The Gold Note also seemed to relish reproducing the hard-driving distortion and emotional weight of the blues-inflected rock classic “I Want You (She’s So Heavy)” from the Beatles’ Abbey Road album. It’s easy to be dismissive of a raw rock performance like this (at one time I was), but when it comes to the Beatles, there is always more going on in a mix if the system’s resolution is up to revealing it. Here, it’s the build-up of white noise from a Moog synthesizer that sees the track out to its sudden ending, with Harrison and Lennon’s guitars melodically doubling John’s vocal, topped by the manic artistry of Billy Preston on the Hammond.
Treble octaves were smooth and non-fatiguing. Transient behavior was natural, rather than overly etched and prickly. Brass ensembles fared well with sharp assertive attacks that were not overly metallic and with a nice trailing openness on decays. The spark and intensity of aggressively bowed violins were revealed, but never to the point of upstaging the resonant wooden bodies of the instruments. Imaging was unclouded, and localization of players could be observed seemingly at a glance, as if you were actually seated comfortably in the audience about mid-hall. When all was said and done I concluded that the IS-1000 sound was not an additive one in terms of colorations. To my ears it was modestly subtractive in that it lacked a degree of toe-tapping pace and rhythmic spring that I listen for during Marc Cohn’s rollicking “29 Ways.” The Gold Note didn’t have quite the blinding acceleration and micro-dynamic sparkle of the MBL C51 or the brute force of the Pass Labs INT-250 amp, but these are minor demerits in my book. And while I have heard amplifiers that prove even more transparent and revealing of dimensional cues, orchestral layers, and back-of-the-hall images, the Gold Note acquitted itself towards the top of its class in its price segment.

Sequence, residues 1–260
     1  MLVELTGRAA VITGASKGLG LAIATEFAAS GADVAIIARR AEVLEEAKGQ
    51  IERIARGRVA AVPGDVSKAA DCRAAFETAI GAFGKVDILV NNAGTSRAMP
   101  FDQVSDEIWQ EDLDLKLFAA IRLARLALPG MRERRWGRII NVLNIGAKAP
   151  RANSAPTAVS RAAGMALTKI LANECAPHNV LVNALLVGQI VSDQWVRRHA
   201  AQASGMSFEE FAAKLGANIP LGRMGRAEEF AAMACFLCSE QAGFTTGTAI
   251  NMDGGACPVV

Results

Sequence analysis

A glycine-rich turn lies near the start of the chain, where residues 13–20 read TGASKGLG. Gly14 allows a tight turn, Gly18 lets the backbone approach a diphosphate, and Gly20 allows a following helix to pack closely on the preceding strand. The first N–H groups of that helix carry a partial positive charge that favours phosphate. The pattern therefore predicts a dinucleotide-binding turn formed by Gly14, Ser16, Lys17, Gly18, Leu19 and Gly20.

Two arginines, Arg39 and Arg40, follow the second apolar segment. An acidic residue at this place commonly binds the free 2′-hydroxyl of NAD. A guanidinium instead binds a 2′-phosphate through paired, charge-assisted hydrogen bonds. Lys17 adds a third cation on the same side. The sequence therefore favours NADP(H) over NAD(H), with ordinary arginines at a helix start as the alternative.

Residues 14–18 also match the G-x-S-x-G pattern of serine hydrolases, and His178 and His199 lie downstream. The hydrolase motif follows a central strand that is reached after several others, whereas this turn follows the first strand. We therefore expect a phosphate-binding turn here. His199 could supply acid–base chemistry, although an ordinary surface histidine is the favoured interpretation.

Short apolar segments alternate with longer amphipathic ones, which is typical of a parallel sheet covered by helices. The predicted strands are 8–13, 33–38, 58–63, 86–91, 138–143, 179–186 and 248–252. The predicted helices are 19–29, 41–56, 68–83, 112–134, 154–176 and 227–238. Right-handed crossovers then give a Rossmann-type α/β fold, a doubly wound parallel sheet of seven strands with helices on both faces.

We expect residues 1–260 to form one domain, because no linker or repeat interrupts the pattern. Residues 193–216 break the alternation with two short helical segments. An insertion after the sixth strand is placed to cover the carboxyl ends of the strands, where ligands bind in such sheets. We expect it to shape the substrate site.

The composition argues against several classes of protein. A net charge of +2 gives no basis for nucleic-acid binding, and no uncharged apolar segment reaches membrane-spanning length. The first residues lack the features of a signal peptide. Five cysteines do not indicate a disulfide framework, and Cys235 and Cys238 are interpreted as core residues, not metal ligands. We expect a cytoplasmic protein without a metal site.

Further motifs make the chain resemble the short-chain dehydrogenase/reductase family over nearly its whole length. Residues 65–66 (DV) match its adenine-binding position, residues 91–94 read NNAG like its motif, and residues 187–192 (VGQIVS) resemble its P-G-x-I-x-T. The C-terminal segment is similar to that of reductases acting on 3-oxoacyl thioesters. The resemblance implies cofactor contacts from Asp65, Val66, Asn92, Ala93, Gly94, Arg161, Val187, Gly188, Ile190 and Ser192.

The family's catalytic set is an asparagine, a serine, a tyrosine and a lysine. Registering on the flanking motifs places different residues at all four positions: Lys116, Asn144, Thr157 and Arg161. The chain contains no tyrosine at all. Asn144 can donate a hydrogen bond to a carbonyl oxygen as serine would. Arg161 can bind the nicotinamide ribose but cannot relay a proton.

I should also note that most of my listening was over my network, streaming music from either my Synology NAS or via Tidal. In that context I found that the sonic “gap” between my reference Lumin S1 media player and the IS-1000’s DAC was narrower than I’d have imagined a few short years ago. The distinctions were fine ones, and although the Lumin S1 edged out the IS-1000 with its greater openness and harmonic bloom, the Gold Note provided tough competition.
In today’s high-end amplifier market, it isn’t enough just to sound good anymore. Any manufacturer worth his salt must master the skills necessary to make components true multi-discipline performers. In my view Gold Note has fulfilled the expectations of enthusiasts by producing a musically engaging and highly configurable integrated. At every level of execution the Gold Note IS-1000 truly strikes the right note.
Specs & Pricing
Power output:125Wpc into 8 ohms
Inputs: Analog: two RCA, one XLR; digital: three optical, one coaxial, one USB Type B, one Ethernet LAN, and Wi-Fi
Outputs: One RCA variable, one RCA fixed
Dimensions: 16.9" x 5.3" x 14.7"
Weight: 40 lbs.
Price: $5099 (Deluxe version with upgraded DAC, as reviewed, is $5999)
RUTHERFORD AUDIO INC. (U.S. Distributor)
G108, 14 Inverness Drive East
Englewood CO 80112